are you kidding???... do you really think that the courts are going to allow a case that incvolves the non-use of a patent???.


im sorry gatorguy, but troll is what troll does!...
so why is it when a person tlies on the "stand" in court, that lawyers are allowed to assume that everything else after that can be thought of as a lie until proven a truth?...
?
so just the facts!!!

FOR EXAMPLE : to quote jragosta...
Quote:
...Patents are an exclusive right to exercise the invention. If I invent something and then patent it, no one else has the right to use that invention without a license from me. It has absolutely nothing to do with whether I am selling a competing product or not.

this is a good example to counter PEMBROKE's statement.
Edited by haar - 11/10/12 at 8:26am
post #27 of 79
Quote:
Originally Posted by jragosta View Post

Speaking of trolls, how about the people who don't have any concept of how patent law works who keep making up arguments against "patent trolls".

Speaking of trolls, how about the trolls who don't have any concept of how trolling works who keep making up arguments against "patent trolls".

post #28 of 79
Originally Posted by isaidso View Post
Speaking of trolls, how about the trolls who don't have any concept of how trolling works who keep making up arguments against "patent trolls".

 

I'll get ahead of where this comment string seems to be going and reply with, "Trolling troll trolls, troll troll-oll troll trolls troll trolln't troll trolly troll troll troll trolling tro—" this is actually harder than it seems…. lol.gif

 

Anyway, what of ghostface's idea about patent protection? I'd like to see some other feedback on that. 

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post #29 of 79
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Originally Posted by Tallest Skil View Post

Anyway, what of ghostface's idea about patent protection? I'd like to see some other feedback on that.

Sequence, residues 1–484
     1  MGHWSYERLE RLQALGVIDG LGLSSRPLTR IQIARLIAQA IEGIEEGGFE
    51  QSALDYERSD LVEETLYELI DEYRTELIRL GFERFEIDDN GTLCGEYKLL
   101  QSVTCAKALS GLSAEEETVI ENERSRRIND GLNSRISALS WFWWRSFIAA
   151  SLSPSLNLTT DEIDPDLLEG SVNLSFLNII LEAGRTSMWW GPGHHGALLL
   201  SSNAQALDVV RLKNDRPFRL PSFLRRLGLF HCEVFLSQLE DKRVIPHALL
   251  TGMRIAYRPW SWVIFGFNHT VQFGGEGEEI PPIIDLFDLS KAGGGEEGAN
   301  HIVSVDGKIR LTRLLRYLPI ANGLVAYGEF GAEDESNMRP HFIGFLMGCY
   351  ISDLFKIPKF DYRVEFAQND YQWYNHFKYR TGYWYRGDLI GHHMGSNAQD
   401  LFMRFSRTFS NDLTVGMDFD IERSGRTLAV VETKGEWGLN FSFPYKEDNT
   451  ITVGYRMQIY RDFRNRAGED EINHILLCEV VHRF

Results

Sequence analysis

It might help address a segment of the complaints. I imagine some folk here would then complain about the compulsory licensing aspect of it. After all what percentage of even Apple-granted patents are put to use within 3 years? You think Apple would be willing to give them up since they haven't yet made it to a shipping product?  Doubtful.

 

As I mentioned earlier, that's supposedly the way Australian patent law is meant to work. In actual practice it doesn't seem to be as easy to apply.

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post #30 of 79
Quote:
Originally Posted by ghostface147 View Post

New law. You create a patent, it just be used in a working product made by you (or a hardware partner) within 3-5 years. If you can't do it, it is automatically licensed at a fair rate (I don't know what fair would be).

That's not completely unreasonable for some industries (like computers), but is VERY unreasonable for others. For example, it can take more than 10 years for a pharmaceutical product to come to market. So, if your rule became law, there would be no pharmaceutical patents.

There's another problem with your rule. If you invent something that's a modest improvement over existing products and is based on well-established technology, it's not hard to bring it to market in 3-5 years. OTOH, truly revolutionary products can take a lot more than that. Someone who makes a major breakthrough which opens up lots of opportunities can easily spend 5 years (or more) to bring it to market.

Another problem involves limited markets. What if you invent something that's only useful to one (or a very small number) of companies? They can simply refuse to talk to you, knowing that in 3-5 years, they can use the technology whether you want them to or not.

Finally, there's the simple justice issue. Under US law (and most country's laws), a patent is treated as personal property. You invent something and you own the invention - and are free to do whatever you want with it. Let's say that you invent something and then decide that you can't live with the moral implications and therefore decide not to sell it. Your rule basically says that personal property is only yours until the government wants to give it to someone else.